Beloved Comrades is a novel in stories that tells of three generations in the life of a small (highly unorthodox) Orthodox American synagogue, revealing the alliances, grievances, and secrets that pulsate beneath the seemingly mundane facade of institutional life. Through a series of pointed, highly charged encounters, the interlocking fates of its congregants and the interior life of the synagogue itself are explored. By looking at the same events from multiple perspectives, Yermiyahu Ahron Taub dramatizes how even the most seemingly minor incidents create long-lasting effects. In a tableau simultaneously epic and intimate, sweeping and focused, Taub reimagines the synagogue as a means to investigate themes of faith, work, immigration, sexuality, community, art, social justice, and, as the novel’s title suggests, friendship and love.
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Read an earlier version of “The Rescue” in eMerge Magazine, “The Reluctant Namesake” in Marathon Literary Review, “Dolls, in Limbo” in Gyara Literary Journal, “Winter’s Firelight” in Typishly, “Time, With Bernie” in Oyster River Pages, “An Unexpected Guest” in Hamilton Stone Review, and “Blessings After Bread, Baked and Broken” in Cleaning Up Glitter Literary Journal, and “Antkegn dem fasad,” the Yiddish version of “Face à la Façade,” in Penshaft: New Yiddish Writing.
May God Avenge Their Blood: a Holocaust Memoir Triptych presents three memoirs by the Yiddish writer Rachmil Bryks (1912-1974). In Those Who Didn’t Survive, Bryks portrays inter-war life in his shtetl Skarżysko-Kamienna, Poland with great flair and rich anthropological detail, rendering a haunting collective portrait of an annihilated community. The Fugitives vividly charts the confusion and terror of the early days of World War II in the industrial city of Łódź and elsewhere. In the final memoir, From Agony to Life, Bryks tells of his imprisonment in Auschwitz and other camps. Taken together, the triptych takes the reader on a wide-ranging journey from Hasidic life before the Holocaust to the chaos of the early days of war and then to the horrors of Nazi captivity. This translation by Yermiyahu Ahron Taub brings the extraordinary memoirs of an important Yiddish writer to English-language readers for the first time.
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Read an earlier version of excerpts from the book: “The Ne’er-Do-Well and the Heretic” in InTranslation: The Brooklyn Rail, “This Is How It All Began” and “Fugitives” in Empty Mirror, and “At Home with Mordecai Gebirtig” in In Geveb.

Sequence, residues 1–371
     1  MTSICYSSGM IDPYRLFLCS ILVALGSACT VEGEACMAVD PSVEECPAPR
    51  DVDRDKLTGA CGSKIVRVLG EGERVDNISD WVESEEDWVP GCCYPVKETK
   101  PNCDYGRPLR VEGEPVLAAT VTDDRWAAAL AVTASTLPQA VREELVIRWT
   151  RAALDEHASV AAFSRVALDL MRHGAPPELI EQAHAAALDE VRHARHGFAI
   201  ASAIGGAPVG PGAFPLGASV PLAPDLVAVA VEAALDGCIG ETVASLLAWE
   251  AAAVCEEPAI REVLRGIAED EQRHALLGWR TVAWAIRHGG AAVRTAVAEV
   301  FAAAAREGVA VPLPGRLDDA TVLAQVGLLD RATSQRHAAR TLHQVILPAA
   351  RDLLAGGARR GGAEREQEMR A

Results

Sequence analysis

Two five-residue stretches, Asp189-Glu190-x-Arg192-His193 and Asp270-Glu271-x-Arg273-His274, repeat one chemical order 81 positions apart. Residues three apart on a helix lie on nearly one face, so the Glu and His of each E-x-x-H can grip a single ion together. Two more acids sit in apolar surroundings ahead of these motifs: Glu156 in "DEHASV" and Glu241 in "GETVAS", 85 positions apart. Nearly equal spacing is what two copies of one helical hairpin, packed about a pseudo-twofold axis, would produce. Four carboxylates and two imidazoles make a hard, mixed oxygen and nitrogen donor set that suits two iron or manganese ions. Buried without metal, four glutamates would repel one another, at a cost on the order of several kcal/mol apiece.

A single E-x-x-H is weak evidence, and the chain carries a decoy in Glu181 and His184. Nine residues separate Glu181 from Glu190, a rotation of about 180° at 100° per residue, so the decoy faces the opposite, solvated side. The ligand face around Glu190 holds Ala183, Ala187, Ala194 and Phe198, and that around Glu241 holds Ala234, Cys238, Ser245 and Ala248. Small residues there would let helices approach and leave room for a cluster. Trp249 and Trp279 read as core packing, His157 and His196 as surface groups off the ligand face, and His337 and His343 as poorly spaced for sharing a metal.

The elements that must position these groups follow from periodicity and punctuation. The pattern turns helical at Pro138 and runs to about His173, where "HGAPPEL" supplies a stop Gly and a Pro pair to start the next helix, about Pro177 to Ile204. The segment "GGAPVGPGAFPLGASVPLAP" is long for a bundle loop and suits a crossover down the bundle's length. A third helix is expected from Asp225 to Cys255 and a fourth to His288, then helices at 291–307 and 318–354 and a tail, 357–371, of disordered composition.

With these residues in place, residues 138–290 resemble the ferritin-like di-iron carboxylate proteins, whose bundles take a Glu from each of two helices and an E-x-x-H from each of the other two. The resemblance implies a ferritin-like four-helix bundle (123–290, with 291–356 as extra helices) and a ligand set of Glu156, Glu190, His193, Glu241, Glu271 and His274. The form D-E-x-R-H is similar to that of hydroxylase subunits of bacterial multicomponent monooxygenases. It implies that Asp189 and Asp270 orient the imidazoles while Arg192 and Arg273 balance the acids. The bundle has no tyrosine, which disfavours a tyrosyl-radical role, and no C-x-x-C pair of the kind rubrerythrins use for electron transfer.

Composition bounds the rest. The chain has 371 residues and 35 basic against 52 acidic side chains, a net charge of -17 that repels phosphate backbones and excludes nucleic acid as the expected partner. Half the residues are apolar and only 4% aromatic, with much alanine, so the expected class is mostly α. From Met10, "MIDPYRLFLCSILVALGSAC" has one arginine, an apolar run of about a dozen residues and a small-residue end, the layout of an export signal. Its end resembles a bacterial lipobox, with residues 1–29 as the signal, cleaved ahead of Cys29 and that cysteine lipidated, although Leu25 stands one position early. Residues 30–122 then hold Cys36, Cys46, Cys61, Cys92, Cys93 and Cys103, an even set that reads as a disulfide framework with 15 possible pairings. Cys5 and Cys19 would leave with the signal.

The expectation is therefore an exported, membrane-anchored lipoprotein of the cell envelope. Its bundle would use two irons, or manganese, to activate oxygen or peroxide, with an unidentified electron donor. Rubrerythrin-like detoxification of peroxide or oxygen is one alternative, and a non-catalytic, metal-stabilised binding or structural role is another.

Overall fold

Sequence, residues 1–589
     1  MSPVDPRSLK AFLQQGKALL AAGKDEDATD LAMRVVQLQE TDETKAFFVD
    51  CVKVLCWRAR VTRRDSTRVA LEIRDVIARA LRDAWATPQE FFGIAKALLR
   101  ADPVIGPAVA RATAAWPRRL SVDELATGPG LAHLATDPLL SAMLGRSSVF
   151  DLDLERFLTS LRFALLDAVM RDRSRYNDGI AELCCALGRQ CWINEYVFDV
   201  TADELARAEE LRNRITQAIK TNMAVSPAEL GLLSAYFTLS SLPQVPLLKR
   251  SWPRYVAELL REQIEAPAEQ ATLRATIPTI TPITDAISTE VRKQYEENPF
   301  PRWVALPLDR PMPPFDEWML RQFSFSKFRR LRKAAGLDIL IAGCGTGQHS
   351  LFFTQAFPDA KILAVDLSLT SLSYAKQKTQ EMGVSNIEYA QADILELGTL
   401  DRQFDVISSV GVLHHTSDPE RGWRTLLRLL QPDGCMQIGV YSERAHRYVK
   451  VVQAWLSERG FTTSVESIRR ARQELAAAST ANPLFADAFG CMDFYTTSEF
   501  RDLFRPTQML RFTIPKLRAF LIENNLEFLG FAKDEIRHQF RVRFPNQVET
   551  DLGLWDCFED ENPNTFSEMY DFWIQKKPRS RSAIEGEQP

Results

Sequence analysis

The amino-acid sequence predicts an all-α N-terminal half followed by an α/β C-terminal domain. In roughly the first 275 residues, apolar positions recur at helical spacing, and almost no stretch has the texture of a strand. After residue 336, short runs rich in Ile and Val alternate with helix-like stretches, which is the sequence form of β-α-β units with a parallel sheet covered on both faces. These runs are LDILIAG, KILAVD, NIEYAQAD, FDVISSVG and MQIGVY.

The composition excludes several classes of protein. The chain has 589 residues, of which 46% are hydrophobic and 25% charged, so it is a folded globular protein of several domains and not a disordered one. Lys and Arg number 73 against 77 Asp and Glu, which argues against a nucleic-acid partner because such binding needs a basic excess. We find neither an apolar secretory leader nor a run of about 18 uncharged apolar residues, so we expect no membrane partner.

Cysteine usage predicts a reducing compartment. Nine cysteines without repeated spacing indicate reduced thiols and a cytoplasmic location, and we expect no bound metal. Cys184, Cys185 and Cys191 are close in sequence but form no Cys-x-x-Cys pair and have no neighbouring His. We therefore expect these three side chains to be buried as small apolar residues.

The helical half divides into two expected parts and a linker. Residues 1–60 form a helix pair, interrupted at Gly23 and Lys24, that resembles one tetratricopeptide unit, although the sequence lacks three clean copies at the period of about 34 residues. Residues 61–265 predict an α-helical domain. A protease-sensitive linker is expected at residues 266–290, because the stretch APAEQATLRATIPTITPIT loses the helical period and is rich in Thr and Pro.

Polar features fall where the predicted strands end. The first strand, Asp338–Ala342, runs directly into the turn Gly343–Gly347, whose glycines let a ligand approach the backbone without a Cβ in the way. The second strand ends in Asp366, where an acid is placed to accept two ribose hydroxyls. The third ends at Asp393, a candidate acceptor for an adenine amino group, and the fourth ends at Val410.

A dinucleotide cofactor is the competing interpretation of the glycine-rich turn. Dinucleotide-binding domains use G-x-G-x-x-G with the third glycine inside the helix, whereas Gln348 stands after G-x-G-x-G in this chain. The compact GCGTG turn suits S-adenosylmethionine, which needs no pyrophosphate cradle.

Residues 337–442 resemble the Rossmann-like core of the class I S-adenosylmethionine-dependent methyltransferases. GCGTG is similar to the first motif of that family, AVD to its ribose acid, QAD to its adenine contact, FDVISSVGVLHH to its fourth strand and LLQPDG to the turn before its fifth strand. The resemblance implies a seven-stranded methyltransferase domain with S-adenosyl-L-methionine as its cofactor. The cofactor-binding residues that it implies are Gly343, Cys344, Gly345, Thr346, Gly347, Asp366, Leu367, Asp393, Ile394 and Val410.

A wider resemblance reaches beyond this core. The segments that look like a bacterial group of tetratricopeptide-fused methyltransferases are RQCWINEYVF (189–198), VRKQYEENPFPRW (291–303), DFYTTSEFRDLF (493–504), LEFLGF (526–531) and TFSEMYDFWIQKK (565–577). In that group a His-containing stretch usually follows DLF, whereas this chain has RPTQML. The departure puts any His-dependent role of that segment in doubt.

Prodigal Children in the House of G-d: Stories explores themes of family, community, and exile largely from ultra-Orthodox Jewish and/or queer perspectives. Eschewing references to specific locations, the stories vibrate in a mysterious present steeped in connections to a past that threatens to overwhelm. The protagonists navigate religious tradition as they take steps to reshape their lives in startling ways, often at great personal risk. An elderly woman living alone remembers a long-ago love. A holiday abroad changes the lives of a mother and daughter forever. In the concluding story, a married Torah scholar encounters romance in an unexpected quarter. A note on transliteration and pronunciation and a glossary of Hebrew and Yiddish terms appear at the end of the book. The book includes two pairs of interlocking stories. The author of six volumes of poetry, Yermiyahu Ahron Taub brings a quiet lyricism to his debut collection of short stories. Winner of two CIPA EVVY Merit Awards (LGBTQ Fiction and Religious/Spiritual Fiction) and named a finalist for a Foreword INDIES Award (Religious (Adult Fiction).
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Listen to an earlier version of “Flowers for Madame” in Second Hand Stories Podcast (read by Yermiyahu Ahron Taub).
The Education of a Daffodil: Prose Poems/Di bildung fun a geln nartsis: prozelider is an extended reflection on violence on a small scale and its legacies. In the first section, “Brief Histories of Fear,” the poet constructs an atmosphere of foreboding and danger. This is a sequence of discrete narrative and portrait poems highlighting protagonists in a variety of historical and contemporary settings in moments of crisis and/or introspection. Crafted in sometimes ornate language, this section presents the conjured kindred spirits that have shaped the title character and evokes some of his principal literary influences and moods. In the second section, “Life Studies in Yellow and Other Primary Colors,” the lens is narrowed, and the poems are interconnected. Here, the effeminate eponymous hero moves from a state of innocence, or rather unknowing, through the crucible of brutality, into ultimately a state approaching equilibrium. Taken together, the book can be read as a Bildungsroman in free verse and a chronicle of tenacity and endurance. Six poems also have a Yiddish version.